Charlotte, N.C.-based Nations-Bank Corp. is teaming up with Charles Schwab & Co. to market two new managed index funds.

The relationship-the first of its kind between the San Francisco-based discount brokerage firm and a bank-will see Schwab help Nations Funds market the Nations Managed Value Index Fund and the Nations Managed SmallCap Value Index Fund to retail and institutional investors.

The no-load funds entered a subscription period Monday and should debut toward the end of next month, said Mark H. Williamson, president of NationsBanc Advisors Inc., a subsidiary of NationsBank.

The two funds will be slotted into Charles Schwab's OneSource fund program, as well as made available through independent financial advisers, said Jeffrey Lyons, a senior vice president in mutual fund marketing at Charles Schwab. "Basically what we're doing is giving them access to our customers," said Mr. Lyons.

Nations Funds expects the deal to help it reach "a large number of independent financial planners that clear through Schwab," said Mr. Williamson.

Schwab's customers, meanwhile, get in on the ground floor of a new fund. And Nations Funds are expected to be able to gather more assets than if the bank marketed the portfolios on its own, Mr. Lyons observed.

The San Francisco firm has done similar marketing for Janus Funds, Steinroe, and Baron in the past, said Mr. Lyons.

The Value Index Fund will track Standard & Poor's Barra Value index, an unmanaged market capitalization weighted index following roughly 340 stocks from the S&P 500. The Nations Managed SmallCap Index Fund, meanwhile, will track the S&P Barra SmallCap Value index, an unmanaged but similarly weighted index consisting of 375 of the 600 companies in the S&P SmallCap 600.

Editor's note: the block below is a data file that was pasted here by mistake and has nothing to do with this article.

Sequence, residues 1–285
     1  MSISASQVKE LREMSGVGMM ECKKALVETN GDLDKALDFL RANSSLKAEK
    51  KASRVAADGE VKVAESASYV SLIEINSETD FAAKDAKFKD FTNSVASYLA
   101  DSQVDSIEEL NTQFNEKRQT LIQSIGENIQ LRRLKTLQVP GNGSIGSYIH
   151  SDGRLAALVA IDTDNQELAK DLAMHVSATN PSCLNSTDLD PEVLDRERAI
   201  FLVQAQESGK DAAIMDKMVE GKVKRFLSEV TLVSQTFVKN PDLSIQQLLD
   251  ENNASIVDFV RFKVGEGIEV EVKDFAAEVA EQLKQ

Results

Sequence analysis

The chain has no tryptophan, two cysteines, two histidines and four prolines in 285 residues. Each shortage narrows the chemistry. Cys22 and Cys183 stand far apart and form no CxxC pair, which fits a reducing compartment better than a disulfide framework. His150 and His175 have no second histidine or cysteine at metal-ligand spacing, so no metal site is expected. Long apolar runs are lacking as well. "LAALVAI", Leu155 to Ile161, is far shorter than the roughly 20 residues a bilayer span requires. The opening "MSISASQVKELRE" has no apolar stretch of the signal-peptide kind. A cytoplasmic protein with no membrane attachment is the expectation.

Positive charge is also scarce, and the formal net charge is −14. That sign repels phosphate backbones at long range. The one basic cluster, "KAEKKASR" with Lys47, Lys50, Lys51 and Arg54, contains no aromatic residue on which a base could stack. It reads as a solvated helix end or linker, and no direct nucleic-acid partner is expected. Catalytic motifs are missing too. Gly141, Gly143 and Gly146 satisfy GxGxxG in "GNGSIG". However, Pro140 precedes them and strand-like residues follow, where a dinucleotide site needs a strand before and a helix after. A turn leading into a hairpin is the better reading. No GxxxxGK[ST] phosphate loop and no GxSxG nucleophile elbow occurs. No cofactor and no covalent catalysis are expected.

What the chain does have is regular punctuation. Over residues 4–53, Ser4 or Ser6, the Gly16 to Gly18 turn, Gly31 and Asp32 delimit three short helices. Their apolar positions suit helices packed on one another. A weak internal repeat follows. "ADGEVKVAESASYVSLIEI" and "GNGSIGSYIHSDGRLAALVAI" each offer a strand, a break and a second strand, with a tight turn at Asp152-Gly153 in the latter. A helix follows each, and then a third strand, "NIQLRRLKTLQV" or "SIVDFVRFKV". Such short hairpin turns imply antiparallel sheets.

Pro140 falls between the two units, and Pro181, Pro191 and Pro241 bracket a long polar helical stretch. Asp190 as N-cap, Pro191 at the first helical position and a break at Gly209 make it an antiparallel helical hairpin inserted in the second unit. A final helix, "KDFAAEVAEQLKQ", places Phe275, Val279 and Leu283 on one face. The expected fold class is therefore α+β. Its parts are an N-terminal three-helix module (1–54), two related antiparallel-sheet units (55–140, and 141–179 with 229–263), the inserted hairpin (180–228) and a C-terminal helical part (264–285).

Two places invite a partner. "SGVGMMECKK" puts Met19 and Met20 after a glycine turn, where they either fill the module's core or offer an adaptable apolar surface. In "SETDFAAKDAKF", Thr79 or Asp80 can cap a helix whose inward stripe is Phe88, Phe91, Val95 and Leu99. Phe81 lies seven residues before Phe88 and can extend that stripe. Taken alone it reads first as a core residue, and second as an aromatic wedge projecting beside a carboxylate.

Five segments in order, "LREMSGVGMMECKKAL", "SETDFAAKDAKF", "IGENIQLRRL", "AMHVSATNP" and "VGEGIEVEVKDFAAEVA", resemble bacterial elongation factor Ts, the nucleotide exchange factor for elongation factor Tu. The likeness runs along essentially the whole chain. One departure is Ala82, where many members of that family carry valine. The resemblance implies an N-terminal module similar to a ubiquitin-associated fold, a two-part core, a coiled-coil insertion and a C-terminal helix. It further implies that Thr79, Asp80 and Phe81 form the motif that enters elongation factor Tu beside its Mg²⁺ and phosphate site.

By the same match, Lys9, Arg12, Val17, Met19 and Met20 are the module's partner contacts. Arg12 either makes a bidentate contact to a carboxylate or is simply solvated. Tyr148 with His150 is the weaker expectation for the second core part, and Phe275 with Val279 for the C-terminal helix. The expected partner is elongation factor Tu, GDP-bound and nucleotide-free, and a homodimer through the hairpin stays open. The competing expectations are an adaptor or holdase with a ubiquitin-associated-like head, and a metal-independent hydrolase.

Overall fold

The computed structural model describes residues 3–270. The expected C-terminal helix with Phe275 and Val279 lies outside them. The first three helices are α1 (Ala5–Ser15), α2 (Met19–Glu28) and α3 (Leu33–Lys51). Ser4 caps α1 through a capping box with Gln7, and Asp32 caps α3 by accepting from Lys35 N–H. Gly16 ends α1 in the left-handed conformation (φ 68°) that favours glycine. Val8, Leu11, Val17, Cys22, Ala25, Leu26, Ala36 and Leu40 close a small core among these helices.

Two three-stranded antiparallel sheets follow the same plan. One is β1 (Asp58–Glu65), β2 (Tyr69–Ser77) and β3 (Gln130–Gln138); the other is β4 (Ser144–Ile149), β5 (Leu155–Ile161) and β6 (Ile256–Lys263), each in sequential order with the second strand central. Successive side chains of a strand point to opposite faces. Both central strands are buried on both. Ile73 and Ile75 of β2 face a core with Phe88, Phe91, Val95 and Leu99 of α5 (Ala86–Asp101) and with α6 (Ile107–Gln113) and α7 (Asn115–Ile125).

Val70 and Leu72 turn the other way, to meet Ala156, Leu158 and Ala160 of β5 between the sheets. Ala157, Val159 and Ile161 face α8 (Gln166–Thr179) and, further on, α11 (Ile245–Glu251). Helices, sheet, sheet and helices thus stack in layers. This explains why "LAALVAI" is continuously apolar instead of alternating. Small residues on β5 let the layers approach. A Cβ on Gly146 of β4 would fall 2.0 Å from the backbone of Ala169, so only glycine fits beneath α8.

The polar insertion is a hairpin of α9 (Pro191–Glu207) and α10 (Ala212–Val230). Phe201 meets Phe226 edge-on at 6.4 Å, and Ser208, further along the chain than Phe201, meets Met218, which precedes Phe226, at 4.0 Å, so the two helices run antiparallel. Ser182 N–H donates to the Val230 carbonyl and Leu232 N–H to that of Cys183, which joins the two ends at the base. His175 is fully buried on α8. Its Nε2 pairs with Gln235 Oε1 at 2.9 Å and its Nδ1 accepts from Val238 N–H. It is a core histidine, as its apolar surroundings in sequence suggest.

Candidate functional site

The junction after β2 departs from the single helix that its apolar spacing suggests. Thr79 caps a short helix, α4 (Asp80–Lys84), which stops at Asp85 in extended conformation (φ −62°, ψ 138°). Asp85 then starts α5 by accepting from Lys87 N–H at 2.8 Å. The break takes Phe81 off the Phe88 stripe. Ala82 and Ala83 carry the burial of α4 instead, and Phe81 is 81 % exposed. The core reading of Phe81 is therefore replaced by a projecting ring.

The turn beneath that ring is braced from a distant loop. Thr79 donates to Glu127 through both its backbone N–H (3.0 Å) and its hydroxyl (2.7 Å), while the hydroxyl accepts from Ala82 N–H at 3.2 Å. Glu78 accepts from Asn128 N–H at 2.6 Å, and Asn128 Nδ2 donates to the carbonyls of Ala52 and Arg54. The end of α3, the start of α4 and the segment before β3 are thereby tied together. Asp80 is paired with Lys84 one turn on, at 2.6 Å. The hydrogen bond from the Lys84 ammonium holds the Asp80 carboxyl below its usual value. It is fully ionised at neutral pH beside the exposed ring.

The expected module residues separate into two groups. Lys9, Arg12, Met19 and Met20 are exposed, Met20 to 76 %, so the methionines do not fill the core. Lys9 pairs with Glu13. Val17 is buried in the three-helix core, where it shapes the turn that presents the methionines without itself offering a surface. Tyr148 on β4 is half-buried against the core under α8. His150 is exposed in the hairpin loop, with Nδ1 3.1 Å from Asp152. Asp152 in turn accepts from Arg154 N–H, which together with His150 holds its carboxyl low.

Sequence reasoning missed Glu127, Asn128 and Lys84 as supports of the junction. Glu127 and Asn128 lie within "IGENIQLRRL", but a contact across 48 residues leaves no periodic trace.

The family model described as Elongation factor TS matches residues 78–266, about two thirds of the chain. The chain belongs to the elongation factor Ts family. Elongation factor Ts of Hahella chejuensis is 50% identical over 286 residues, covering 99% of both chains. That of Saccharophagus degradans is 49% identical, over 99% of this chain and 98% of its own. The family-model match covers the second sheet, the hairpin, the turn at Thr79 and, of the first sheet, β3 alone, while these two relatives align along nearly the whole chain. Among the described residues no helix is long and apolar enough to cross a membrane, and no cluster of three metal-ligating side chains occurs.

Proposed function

"These two funds are going to have a value tilt to them," said NationsBanc's Mr. Williamson. He noted that there are several benefits for the investor in the managed index fund area.

First, Nations Funds' use of its "elaborate proprietary system" helps weed out the stocks that are likeliest to be the worst-performing in the future, he said.

Second, Nations Funds will enable investors to minimize portfolio turnover, thus cutting down on capital gains taxes, he said.

"There's a lot of enthusiasm and interest in index funds," Mr. Williamson said. "We just think this takes it to the next level."

Schwab and Nations Funds will work on the marketing together, using direct mail, public meetings, and phone conversations, said Mr. Williamson.

Schwab levies a flat fee from NationsBanc plus a charge based on the value of assets gathered, said Mr. Lyons.

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